|Pre-cut veggies and bagged salads comprise a category that is growing rapidly as consumers aim to lose weight and eat more healthfully.
American consumers, known to spend upwards of three hours to prepare a meal on weekends, have less than an hour for weekday meals. For many, that's a stretch. Phrases such as pre-cut, pre-washed, ready-to-cook, ready-to-serve, instant, microwaveable and no-time or no-fuss preparation are replacing terms like basting, searing and sautéing in the common vernacular.
Consumers are reaching for the convenience of refrigerated and shelf-stable products like prepared salads, boxed dinners and entrées, value-added meat, poultry and produce, lunch and snack kits — more so than reaching for a recipe or even a take-out menu.
It is therefore of utmost importance that food formulators comprehend what makes a food "convenient to prepare."
The elements of convenience
Consumers want meal preparation to be convenient, and convenience has two elements: quickness of preparation and ease (or simplicity) of preparation. A big third element, but often an afterthought, is minimizing or eliminating cleanup.
Research from the NPD Group (www.npd.com), Port Washington, N.Y., reveals the No. 1 issue in American homes at dinnertime is how to get a meal on the table conveniently. The need for convenience surprisingly outranks health and "comfort foods," according to NPD Vice President Harry Balzer. A secondary trend is the need for simplifying food preparation at home.
While many things have changed, one key factor hasn't. "Contrary to popular belief, the female head of the household is still the chief preparer of most of these meals and is responsible for 70 percent of the grocery shopping," says Todd Hale, senior vice president at ACNielsen Homescan (www.acnielsen.com), Schaumburg, Ill. What has changed is that she now values her sanity and is willing to pay more — sometimes two or even three times more — for foods that will ease her meal preparation efforts.
What's quick and simple? Ready-to-cook foods and prepared foods that the consumer need only cook or assemble and heat before serving. These may be cleaned and prepared fruits and vegetables, marinated proteins (meats, poultry and seafood) or shelf-stable items.
Casey Roberts, vice president at Martinsville, N.J., research organization Food Spectrum (www.foodspectrum.com) attributes most of the growth in the prepared food segment to "prepared products that significantly reduce meal preparation times." Roberts observes, "Retail meal kits integrating refrigerated components offer a unique point of difference to consumers for preparation of fresh, home-made meals in the shortest possible time."
Meat and poultry companies, plagued for years with razor-thin margins, have migrated to added-value foods to increase profits. By figuring out what matters to consumers, some of them have transformed themselves from suppliers of commodities to providers of value-added convenience.
The "ingredient meat" concept has started a whole new category, according to Shawn Walker, senior vice president of marketing-retail at Tyson Foods (www.tysonfoodsinc.com), Springdale, Ark. "The pre-cut/bagged chicken pieces category didn't exist a couple of years ago, and now it's growing at better than 50 percent a year."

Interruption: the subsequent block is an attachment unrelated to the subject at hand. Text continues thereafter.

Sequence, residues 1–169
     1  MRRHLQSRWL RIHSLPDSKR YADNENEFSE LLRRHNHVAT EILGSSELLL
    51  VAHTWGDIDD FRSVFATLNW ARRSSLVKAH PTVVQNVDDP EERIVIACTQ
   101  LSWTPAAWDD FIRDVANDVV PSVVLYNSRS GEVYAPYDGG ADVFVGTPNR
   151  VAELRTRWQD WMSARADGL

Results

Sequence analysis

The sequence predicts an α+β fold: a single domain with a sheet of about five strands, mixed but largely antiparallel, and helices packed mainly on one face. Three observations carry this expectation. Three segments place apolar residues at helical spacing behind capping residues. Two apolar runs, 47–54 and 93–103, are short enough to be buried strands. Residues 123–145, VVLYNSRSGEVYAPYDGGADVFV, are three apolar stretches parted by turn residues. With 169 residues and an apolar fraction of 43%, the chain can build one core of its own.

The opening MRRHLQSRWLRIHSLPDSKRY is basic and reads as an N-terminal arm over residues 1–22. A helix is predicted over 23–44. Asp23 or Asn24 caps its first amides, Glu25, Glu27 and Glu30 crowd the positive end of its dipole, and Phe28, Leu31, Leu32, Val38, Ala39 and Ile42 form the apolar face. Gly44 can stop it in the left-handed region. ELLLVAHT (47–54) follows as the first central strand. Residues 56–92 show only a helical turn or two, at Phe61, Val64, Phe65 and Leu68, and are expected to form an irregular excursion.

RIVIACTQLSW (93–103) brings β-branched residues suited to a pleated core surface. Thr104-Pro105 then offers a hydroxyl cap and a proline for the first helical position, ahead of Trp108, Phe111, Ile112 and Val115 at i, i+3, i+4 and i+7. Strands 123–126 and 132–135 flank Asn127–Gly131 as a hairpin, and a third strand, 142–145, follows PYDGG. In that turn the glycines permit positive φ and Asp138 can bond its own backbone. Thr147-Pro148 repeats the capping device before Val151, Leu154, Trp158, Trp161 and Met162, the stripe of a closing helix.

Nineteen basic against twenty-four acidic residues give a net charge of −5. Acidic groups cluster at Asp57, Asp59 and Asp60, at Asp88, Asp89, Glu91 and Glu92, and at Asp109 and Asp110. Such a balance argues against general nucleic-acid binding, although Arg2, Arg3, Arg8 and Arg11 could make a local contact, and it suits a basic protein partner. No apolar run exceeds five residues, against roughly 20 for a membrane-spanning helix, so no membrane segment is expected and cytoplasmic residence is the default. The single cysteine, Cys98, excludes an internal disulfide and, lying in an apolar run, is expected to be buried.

|Cooking bacon (right) is messy and preparing chicken strips (left) is time-consuming, so consumers may prefer to let Tyson do the hard work when the recipe calls for those ingredients.
Formulators added chicken broth or a salt solution for moistness and flavor to address the two major issues consumers have when they cook chicken. In addition, those ingredients help to manage water activity and minimize microbial activity.
Tyson also offers a shelf-stable fully cooked bacon, which eliminates messy preparation and cleanup.
Betty Crocker Hamburger Helper from General Mills, Minneapolis, is one of the pioneers in this convenience category. This classic yields a one-dish meal for the family in less than 30 minutes. But even it requires the cook to brown hamburger, and this step may be considered inconvenient for some and challenging for others.
Last year to rescue came Jack Link's Inc., Minong, Wis. Jack Link's Fully Cooked Ground Beef is pre-cooked, pre-drained 100 percent beef packaged in a 10.6-oz. shelf-stable pouch ready for use. The package is equivalent to a pound of uncooked ground beef. No preservatives are added, the meat is not irradiated and the shelf life is 18 months. The price for convenience: $3.49 to $3.99 per package.
Easy does not always mean fast. A Crock Pot (Rival's brand of slow cooker) is slow (quite slow) but it is extremely easy and consumers find it convenient. In the past, however, consumers had to shop for numerous ingredients and then prepare them for their Crock Pot meal. Now, with less time on their hands, consumers have ConAgra's Banquet Crock-Pot Classics.
Crock-Pot Classics (available in six varieties) help alleviate several of the stresses associated with evening meal preparation and also are a solution for families that eat in shifts, according to John Hanson, vice president of marketing for the Banquet brand at Omaha, Neb.-based ConAgra (www.conagra.com). All the necessary ingredients are included in the package, and the meals may be started in the morning for slow cooking through the day.
Other ingredients that save consumers steps in the preparation process are sliced vegetable combinations and bagged salad. Prepared vegetables have been popular with consumers for several years now. Advances in ingredient science and food preparation technology have greatly enhanced the shelflife of fruits and vegetables — a category that is projected to grow tremendously with the increasing focus on ways to reduce overweight and unhealthy eating.
Ready Pac, Irwindale, Calif., relaunched its diced bell peppers and onions and other vegetable combinations in smaller, one-meal-only-sized boxes. Ready Pac has a whole line of Ready Fixins that includes washed and cut single items like No-Tears Onions but also combinations of vegetables for stir fry, stews and chop suey.
Americans appear to need help with more than just main courses. Unilever earlier this year launched Country Crock Side Dishes, ready-to-use accompaniments such as mashed potatoes and macaroni and cheese in the same plastic tub as Country Crock spread.
Ingredients that make it possible
One consequence of this preparation and combination ease is more rapid spoilage of the food components. For example, an uncut apple can last for weeks, but once cut, it can spoil in minutes. Therefore the challenge for food manufacturers is to overcome this quickening spoilage, in other words to make items more shelf-stable. Ingredients' greatest contribution to making meal preparation more convenient is to help manage shelflife and appearance.